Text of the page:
Little did I know last month when I alluded to him in context of a song from the Boomtown Rats (that BTW, none of you got) - that it would be time to bring him up again.
Ian Smith, the former prime minister of Britain’s rebellious colony of Rhodesia, who once promised that white rule in Africa would endure for 1,000 years, died yesterday in South Africa. He was 88.I think in the West we should be careful judging Ian Smith. In an American context, the very thought of the Rhodesian government of minority rule is repugnant and unexplainable in the second-half of the 20th Century. The thing is, the Rhodesians did not exist in an American context. In many ways, they lived in a parallel universe that you can only vaguely grasp. Like many things in the Carter Administration, they let their emotions overrule their intellect and Rhodesia/Zimbabwe never had a chance. They did not have the peace at the right time to transition. Mostly, they did not have a Mandela; they had a Mugabe.
The cause was a stroke suffered at a nursing home near Cape Town, said Sam Whaley, a friend and former senator in Mr. Smith’s Rhodesian Front government.
Mr. Smith’s resistance to black rule led to a unilateral declaration of independence from Britain in 1965 and, later, severe repression and a seven-year guerrilla war, costing about 30,000 lives, most of them black fighters and civilians.
Second only to the apartheid rulers of South Africa, Mr. Smith became a symbol, both to black Africans and many others, of iniquitous white rule.
The land Mr. Smith left behind is markedly different from the one he nurtured before white-ruled Rhodesia became majority-ruled Zimbabwe, an era in which a tiny white minority of mainly settlers of British descent clung to privilege, prosperity and power in the teeth of international pressure.
In the earliest years of independence, in the 1980s, Zimbabwe impressed many outsiders as a stable and prosperous land, where high school enrollment for black children, held back in the long decades of white minority rule, soared and tourism to game parks and the famed Victoria Falls on the Zambezi River flourished.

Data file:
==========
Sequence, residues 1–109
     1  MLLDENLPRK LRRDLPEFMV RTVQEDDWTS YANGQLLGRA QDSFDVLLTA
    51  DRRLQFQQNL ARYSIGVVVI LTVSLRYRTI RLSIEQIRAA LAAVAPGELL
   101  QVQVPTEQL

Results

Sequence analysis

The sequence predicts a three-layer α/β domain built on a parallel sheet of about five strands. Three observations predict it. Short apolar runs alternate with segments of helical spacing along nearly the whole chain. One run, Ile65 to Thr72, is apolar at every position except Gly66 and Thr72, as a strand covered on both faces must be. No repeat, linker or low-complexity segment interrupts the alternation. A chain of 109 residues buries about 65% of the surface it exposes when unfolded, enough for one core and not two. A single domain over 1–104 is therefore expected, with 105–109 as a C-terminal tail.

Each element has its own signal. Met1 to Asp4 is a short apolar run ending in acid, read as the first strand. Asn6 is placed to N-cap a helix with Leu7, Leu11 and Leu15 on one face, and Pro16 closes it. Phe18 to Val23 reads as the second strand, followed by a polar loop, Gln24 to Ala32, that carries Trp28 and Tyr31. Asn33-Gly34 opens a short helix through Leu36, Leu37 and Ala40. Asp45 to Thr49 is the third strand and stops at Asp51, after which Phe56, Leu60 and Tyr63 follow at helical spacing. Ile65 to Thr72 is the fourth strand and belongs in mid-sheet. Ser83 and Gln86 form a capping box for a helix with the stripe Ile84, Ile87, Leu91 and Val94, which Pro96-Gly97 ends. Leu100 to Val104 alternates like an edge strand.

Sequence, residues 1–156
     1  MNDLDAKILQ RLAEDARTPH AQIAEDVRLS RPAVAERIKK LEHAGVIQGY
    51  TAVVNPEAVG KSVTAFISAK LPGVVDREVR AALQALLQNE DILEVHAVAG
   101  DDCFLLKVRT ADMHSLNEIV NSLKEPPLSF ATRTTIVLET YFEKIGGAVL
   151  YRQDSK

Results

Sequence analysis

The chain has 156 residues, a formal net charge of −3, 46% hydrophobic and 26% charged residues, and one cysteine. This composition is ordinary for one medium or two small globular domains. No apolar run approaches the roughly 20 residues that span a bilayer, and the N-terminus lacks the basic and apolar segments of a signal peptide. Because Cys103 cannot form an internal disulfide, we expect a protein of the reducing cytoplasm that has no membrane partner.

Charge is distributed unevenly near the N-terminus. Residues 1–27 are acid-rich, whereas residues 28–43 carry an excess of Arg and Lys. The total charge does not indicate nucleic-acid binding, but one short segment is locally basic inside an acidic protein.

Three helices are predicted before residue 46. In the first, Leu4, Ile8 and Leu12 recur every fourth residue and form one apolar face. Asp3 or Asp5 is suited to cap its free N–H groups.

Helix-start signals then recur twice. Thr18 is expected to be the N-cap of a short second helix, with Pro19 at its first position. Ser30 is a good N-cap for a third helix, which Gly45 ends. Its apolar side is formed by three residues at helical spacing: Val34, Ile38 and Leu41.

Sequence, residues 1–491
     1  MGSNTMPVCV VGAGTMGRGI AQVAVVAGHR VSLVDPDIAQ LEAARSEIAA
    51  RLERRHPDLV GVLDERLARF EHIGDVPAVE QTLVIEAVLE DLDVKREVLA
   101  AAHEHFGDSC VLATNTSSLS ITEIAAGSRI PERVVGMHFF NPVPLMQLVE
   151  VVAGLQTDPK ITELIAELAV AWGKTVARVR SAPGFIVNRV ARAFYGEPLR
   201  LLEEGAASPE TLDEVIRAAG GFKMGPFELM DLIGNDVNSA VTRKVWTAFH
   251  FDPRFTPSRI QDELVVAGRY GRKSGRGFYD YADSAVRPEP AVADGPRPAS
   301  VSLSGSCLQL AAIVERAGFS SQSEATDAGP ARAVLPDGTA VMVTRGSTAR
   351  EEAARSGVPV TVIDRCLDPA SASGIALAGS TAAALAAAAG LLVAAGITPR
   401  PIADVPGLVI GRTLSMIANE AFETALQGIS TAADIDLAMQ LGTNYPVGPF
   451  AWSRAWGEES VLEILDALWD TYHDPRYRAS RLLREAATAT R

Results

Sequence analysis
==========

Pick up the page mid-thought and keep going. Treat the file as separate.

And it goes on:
In the end, though - even his critics; most of whom don't give a d@mn about Zimbabwe or its people, would have to admit that he was right.
But in later years the formerly white-owned farms that once fed much of southern Africa and earned millions of dollars in foreign exchange were decimated by a precipitate land-redistribution program. The economy is in tatters, with hyperinflation running at such a pace that currency bills change hands in brick-sized bundles.I hope that South Africa will prove him, at least about Black Africa, wrong. So far, so shakingly good.
An urban elite with ties to the regime of President Robert G. Mugabe prospers while the poor go hungry. Millions of Zimbabweans have fled to neighboring African states. Political opposition to Mr. Mugabe’s regime has been suppressed with the same zeal as Mr. Smith himself once displayed in the fight against African nationalist strivings for majority rule.
Zimbabwe’s troubles only fed Mr. Smith’s unwavering white supremacist views, his unshakable belief that Africa without white rule would not work.
“I’m pleasantly surprised at the number of people who come to me and say, when you were in the chair, we thought you were too inflexible and unbending; we now see that you were right,” he said in an interview during a visit to London in 2004.
Read his obit to read his remarkable WWII service history - but thinking of military; that is one thing the Rhodesians left when it was all done - a remarkable military history. 99.9% know nothing of it or only the PC history of it - but, well, let it speak for itself.